The task was simple, the company only wanted polaroids to provide the client with proofs, and he knew that there was a big wheat field with a nice hill in it in Shelter Valley. But when he got to where he believed his field to be, it was still dark, not even a moon in the sky, so he parked on the side of the road to wait for the sun to come up. What he didn’t know at the time, was that about an hour’s drive away, fourteen convicts had just escaped from the Milhaven Institution maximum security prison. This was to be the largest prison break in Canadian history. He woke up to sharp knock and two policemen peering through his window. There was a police car parked behind him and another one in front, so that he couldn’t pull out. Unbeknown to him, his car matched the description of a potential escape vehicle and the policemen presumed him to be a getaway driver for the escaped prisoners. They asked him to step out of the car and put his hands on the hood so they could frisk him. Dawn was breaking when he started to explain that he was just there to photograph the wheat field, gesturing to it over his shoulder, but as he turned to look there was no wheat field to be seen. It was corn. The officer looked at him strangely and went back to his car to run his information. Fortunately then, it only took about ten minutes for them to realize his occupation and send him on his way.
He drove a couple of miles up the road, with the sun now well up. Amazingly, he found a wheat field with a little farmer’s house behind it. Regaining any lost confidence in the job at hand, he went up to the door to ask the farmer’s permission to enter their field. Well, they had been listening to the radio and had just heard that fourteen convicts had escaped from Millhaven Institution, when they saw this guy coming up to the door with worn jeans and a big beard. The door opened and out stepped a white haired old lady in a pink nightgown, shakily pointing a shot gun at his chest.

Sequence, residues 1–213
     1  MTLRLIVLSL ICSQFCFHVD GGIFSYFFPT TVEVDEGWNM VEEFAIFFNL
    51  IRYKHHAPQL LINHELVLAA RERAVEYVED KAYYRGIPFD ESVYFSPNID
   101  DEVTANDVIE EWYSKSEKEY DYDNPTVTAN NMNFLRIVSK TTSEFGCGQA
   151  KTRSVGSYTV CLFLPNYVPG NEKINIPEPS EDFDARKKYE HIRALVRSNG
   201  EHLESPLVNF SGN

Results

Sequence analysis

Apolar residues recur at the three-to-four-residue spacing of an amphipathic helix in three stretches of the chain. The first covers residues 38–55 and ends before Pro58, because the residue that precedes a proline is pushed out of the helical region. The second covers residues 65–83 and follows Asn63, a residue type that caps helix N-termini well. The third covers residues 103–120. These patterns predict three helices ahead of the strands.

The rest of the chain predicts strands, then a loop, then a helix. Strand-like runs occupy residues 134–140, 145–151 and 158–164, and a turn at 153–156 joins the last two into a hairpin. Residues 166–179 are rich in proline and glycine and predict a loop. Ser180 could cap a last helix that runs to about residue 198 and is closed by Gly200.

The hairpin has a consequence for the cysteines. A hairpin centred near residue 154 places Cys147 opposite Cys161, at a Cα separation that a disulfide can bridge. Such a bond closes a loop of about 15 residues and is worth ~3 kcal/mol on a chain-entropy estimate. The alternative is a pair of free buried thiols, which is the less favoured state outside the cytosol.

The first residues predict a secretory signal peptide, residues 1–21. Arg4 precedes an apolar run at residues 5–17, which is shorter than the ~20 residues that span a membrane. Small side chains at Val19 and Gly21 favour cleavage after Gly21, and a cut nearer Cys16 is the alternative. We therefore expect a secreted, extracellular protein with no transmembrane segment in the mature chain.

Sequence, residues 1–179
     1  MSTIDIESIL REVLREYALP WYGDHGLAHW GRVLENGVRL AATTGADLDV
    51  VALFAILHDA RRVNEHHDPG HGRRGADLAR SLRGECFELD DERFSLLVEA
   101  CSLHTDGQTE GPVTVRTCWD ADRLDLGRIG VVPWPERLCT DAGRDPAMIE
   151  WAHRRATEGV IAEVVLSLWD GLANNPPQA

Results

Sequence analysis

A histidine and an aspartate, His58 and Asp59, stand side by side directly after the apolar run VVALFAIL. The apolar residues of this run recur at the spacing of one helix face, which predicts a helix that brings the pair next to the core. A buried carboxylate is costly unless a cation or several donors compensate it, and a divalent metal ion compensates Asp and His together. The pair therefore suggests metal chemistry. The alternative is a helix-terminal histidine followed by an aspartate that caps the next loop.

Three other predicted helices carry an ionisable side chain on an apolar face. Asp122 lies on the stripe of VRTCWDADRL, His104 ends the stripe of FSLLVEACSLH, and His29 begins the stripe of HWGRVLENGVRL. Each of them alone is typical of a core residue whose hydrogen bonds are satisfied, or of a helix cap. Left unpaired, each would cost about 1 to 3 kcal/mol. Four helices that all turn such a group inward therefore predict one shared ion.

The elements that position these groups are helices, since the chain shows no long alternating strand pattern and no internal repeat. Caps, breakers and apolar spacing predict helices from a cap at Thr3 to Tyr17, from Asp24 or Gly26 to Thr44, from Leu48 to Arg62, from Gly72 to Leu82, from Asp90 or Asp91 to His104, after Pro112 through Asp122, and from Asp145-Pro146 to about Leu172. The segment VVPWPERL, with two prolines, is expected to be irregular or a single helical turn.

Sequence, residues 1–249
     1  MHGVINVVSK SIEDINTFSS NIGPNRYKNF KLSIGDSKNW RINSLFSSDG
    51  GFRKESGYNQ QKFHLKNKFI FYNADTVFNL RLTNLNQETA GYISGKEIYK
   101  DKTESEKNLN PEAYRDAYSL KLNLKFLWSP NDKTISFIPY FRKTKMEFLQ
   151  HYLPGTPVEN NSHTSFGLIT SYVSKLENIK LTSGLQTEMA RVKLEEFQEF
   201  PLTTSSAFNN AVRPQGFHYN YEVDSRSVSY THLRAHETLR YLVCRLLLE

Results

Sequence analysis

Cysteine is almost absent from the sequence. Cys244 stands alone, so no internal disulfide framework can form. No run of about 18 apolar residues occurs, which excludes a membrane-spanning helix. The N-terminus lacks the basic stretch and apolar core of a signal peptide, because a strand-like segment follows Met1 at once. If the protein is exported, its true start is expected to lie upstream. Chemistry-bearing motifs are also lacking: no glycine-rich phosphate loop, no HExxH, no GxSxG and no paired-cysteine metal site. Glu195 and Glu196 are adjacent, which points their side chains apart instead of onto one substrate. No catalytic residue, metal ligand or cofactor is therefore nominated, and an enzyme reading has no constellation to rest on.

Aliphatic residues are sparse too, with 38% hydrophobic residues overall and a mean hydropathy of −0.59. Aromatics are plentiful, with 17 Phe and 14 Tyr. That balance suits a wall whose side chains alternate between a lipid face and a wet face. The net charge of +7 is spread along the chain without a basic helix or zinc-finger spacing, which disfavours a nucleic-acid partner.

He was trying to give her the same explanation that he’d given the officers when finally the woman’s husband came downstairs. “Calm down Ellie, its’ ok, let’s just see what this man wants,” the old man said, easing the gun off her arm. Once again, he explained that he was simply here to take a picture of a wheat field. Well, said the old man, there’s a great field out there if you want to take your pictures, you can even drive your car onto it, but watch out for the bull, (he’s a little skittish). Tired and ready to be done with this particular shoot, he headed out to the middle of the wheat field. He had just taken the photo, when he heard stomping behind him.
As he turned around to investigate, the bull was already running at him full force, head down. He didn’t have time to think, he grabbed his equipment and made a desperate dart for the nearby fence. With no other choice but to make the jump with polaroid camera in hand, he launched himself over in one movement and came down hard on the other side.
He was astonished to find himself uninjured, but the camera wasn’t as lucky, now smashed into pieces on the ground. When he turned around to examine the scene he’d narrowly escaped, the bull was still there, glaring at him through the fence with flaring nostrils. He returned to the agency at 10 am that morning, without the shot for the first time in his career, only to find out the whole photoshoot had been cancelled.
Here’s to this story and the many others embedded in 86 momentous years of life. I hope to keep hearing and sharing them. Happy Birthday Poppa, and thank you for all that you’ve done for me, most notably, crafting my build-a-bear a wooden bed in the fifth grade, reminding me how to parallel park, and suggesting that we cut all the zippers off my ex-boyfriend’s pants when you found out that he had cheated on me.